Today was a discussion based on the homework reading “When Chefs Become Famous Cooking Other Cultures’ Food“. We had a rich discussion about how discrimination, race, and power affect assumptions about who “owns” a culinary tradition, and who has the power and privilege to write one. We narrowed down to a question of discrimination and racism.
This portion of the interview cited in the article had us talking:
Pashman: “There are also other Mexicans and Mexican-Americans who are like, ‘Screw this guy Rick Bayless.’ So how do you feel when you get that kind of reaction to your work?”
Bayless: “Well, usually people who have that opinion of me don’t want to have a conversation. Those people that say it are usually very political, and they have a mouthpiece and they just go around saying it. And everybody thinks, ‘Oh, lots of people must believe that.’ And honestly, I don’t think they do. I know that there have been a number of people out there that criticized me only — only — because of my race. Because I’m white, I can’t do anything with Mexican food. But we have to stop and say, ‘Oh wait, is that plain racism then?’ “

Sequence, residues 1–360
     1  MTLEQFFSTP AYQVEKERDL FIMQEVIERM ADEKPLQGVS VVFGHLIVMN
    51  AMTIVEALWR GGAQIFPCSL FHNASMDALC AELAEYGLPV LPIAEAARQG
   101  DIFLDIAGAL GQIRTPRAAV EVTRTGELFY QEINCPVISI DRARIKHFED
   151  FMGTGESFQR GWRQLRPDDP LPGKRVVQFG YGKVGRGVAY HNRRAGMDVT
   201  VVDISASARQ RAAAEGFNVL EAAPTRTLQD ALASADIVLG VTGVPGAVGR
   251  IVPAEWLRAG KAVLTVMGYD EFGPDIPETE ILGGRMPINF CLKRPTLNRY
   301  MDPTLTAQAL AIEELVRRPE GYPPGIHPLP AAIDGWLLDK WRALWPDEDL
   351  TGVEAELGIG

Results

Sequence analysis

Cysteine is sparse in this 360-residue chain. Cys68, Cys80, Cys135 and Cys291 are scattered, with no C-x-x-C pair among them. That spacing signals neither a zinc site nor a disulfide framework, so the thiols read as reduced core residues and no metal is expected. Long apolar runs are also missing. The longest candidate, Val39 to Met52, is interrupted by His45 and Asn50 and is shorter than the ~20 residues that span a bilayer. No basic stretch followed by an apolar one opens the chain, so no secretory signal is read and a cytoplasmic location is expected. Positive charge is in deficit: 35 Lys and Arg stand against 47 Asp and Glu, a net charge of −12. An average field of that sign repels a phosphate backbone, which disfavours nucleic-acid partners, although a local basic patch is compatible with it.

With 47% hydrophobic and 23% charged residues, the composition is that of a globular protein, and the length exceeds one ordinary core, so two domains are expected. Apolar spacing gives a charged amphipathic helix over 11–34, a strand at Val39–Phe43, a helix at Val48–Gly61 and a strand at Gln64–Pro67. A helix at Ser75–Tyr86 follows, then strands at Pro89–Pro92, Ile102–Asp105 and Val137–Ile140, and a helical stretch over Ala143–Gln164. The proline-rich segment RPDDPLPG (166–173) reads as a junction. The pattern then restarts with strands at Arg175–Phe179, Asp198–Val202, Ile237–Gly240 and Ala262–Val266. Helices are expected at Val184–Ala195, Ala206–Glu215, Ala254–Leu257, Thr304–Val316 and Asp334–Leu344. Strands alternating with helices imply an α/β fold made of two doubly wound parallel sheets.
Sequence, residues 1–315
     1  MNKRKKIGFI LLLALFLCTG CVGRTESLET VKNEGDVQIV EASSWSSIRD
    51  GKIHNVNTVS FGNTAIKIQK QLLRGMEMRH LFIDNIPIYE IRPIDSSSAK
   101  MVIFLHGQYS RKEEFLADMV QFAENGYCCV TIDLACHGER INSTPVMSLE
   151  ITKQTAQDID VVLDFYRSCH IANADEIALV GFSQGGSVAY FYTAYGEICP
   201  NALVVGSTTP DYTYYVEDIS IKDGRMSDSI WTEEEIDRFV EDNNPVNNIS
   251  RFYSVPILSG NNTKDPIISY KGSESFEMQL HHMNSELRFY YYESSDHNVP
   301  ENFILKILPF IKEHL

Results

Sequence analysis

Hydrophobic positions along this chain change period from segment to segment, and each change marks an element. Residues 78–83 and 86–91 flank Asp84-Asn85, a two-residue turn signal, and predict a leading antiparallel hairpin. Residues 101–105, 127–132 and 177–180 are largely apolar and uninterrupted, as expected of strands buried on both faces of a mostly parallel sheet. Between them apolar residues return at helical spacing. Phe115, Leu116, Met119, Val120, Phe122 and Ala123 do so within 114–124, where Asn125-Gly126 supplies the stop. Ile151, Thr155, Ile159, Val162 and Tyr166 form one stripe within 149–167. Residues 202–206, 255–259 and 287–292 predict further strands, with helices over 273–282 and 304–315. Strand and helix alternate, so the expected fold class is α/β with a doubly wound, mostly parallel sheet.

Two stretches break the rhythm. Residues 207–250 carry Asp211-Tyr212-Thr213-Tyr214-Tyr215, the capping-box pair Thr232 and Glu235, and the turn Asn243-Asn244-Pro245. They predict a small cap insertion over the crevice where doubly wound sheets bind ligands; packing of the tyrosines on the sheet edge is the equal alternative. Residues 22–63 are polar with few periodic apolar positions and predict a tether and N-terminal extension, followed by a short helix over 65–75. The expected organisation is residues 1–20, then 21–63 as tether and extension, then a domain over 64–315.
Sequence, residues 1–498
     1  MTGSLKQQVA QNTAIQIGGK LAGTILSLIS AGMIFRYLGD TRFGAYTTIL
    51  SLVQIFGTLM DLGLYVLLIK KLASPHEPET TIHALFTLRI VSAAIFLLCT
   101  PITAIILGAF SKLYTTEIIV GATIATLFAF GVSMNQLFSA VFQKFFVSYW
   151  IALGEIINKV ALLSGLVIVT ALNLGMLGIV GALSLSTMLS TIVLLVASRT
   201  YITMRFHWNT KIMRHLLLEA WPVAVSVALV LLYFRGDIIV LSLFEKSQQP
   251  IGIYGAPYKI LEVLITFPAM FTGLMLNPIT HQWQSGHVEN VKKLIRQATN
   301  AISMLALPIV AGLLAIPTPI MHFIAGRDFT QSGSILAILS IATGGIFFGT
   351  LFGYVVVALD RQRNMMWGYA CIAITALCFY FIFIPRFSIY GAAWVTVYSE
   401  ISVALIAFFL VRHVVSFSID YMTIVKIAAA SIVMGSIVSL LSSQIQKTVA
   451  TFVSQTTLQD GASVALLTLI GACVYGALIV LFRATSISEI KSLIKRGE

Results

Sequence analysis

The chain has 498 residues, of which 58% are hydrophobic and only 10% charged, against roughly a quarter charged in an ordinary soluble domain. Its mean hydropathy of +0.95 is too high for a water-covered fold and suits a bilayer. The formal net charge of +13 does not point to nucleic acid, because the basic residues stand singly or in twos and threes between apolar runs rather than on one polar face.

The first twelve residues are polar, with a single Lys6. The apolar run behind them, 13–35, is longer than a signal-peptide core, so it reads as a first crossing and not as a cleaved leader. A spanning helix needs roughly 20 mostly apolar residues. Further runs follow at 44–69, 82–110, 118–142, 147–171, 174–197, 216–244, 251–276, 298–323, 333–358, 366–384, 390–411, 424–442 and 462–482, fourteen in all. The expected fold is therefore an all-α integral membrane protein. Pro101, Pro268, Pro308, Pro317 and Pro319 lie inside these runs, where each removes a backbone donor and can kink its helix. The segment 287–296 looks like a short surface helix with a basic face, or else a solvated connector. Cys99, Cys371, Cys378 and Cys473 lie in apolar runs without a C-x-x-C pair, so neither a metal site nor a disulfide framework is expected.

The last part, about “because of my race” had us thinking about how discrimination differs from what we consider the structural conditions of racial oppression, which is racism. Certainly one can discriminate by race, but power and history must also be examined. Of course, these struggles happen in stories, but they also happen in foodways and the stories related to food.
We also did some work on WordPress to link to the class blog and opened up Instagram accounts. The hashtag #tacoliteracy is what we’ll be using for the course to archive our writing and research.
We followed @southernfoodways on Instagram, the Southern Foodways Alliance. The SFA has a fantastic archive of media documenting the changing South. This documentary titled “Mexington” is one fantastic example.
The documentary does an excellent job representing the space and the people who dine there. The food as well captures attention with the close shots of the different dishes, as well as the production of the tortillas. But the highlight is the story of the Ramirez family, and the narrative of their restaurant. The food becomes secondary because the humanizing aspects of story are what make us care about the dignity of these folks. The story has food as a central element, but the real story is about the people. We might ask, how does cultural appropriation remove this human element, or become a form of dehumanization?